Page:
Workaholism

It’s considered a badge of honor to kill yourself over a project. I’ve been in this position a few times in my career. One particular time came just after Thanksgiving one year. We were creating an application and were told we had to have it done by the end of the year. We were six months into the project and I felt we were about half done. It was an impossible task for our small team.

We contracted help but it took until the end of the year to just get them up to speed and on board. I was managing the project and assigning tasks and drawing up interfaces and writing requirements for the contractors as we went. We, of course, missed the end of year deadline and didn’t wrap things up until mid February (which is still a miracle in my opinion).

The lesson I learned during that time was that it wasn’t worth it. I felt guilty for not working during the two days I took off for Christmas. I missed my brother’s wedding at the beginning of January because the contractors were coming on and needed guidance of what to do and I was the only one who could do that. There were reasons for why I worked 18 hours a day for 10-12 weeks. There are always reasons.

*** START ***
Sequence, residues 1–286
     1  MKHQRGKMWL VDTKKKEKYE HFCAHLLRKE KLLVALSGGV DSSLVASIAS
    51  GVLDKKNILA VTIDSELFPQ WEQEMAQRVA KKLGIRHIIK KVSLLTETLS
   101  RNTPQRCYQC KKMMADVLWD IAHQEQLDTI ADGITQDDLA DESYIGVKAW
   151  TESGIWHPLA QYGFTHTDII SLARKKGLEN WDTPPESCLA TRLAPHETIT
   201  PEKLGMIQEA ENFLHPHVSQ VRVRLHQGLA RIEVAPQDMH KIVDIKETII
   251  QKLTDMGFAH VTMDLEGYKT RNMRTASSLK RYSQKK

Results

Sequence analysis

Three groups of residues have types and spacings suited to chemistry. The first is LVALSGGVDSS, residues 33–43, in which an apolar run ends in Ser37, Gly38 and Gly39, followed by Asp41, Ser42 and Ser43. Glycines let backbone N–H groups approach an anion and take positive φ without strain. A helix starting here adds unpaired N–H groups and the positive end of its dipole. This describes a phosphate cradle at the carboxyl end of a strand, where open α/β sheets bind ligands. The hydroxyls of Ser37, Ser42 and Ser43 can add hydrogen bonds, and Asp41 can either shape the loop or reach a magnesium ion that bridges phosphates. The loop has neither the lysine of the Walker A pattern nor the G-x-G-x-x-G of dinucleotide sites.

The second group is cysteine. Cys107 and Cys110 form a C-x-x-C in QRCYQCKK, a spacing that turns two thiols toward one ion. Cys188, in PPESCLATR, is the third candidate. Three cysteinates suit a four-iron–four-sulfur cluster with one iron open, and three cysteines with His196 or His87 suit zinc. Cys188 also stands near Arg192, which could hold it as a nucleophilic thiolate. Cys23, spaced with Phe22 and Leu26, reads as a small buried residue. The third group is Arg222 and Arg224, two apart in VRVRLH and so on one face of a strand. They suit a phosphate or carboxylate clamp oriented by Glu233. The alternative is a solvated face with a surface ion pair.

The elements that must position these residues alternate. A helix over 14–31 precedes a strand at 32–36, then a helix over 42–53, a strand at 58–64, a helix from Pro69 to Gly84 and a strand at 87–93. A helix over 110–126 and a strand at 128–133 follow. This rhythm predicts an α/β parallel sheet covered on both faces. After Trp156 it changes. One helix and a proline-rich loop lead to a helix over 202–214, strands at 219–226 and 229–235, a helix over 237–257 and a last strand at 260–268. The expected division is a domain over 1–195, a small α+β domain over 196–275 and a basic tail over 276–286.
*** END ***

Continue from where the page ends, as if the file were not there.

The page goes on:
In the end it didn’t really matter. The fact that we finished in February didn’t matter. We could have finished a month later and it would have turned out fine. I could have worked regular hours, hired the same contractors, finished in March, attended by brother’s wedding, spent time with my kids during the Christmas holidays, and not suffered burnout for the three months after.

Now when I receive a deadline from on high I push back because long term workaholism isn’t worth it. It usually isn’t even necessary.

Note: This is part of a series of posts inspired by re-reading Rework, by DHH and Jason Fried.

Nate Bird @nate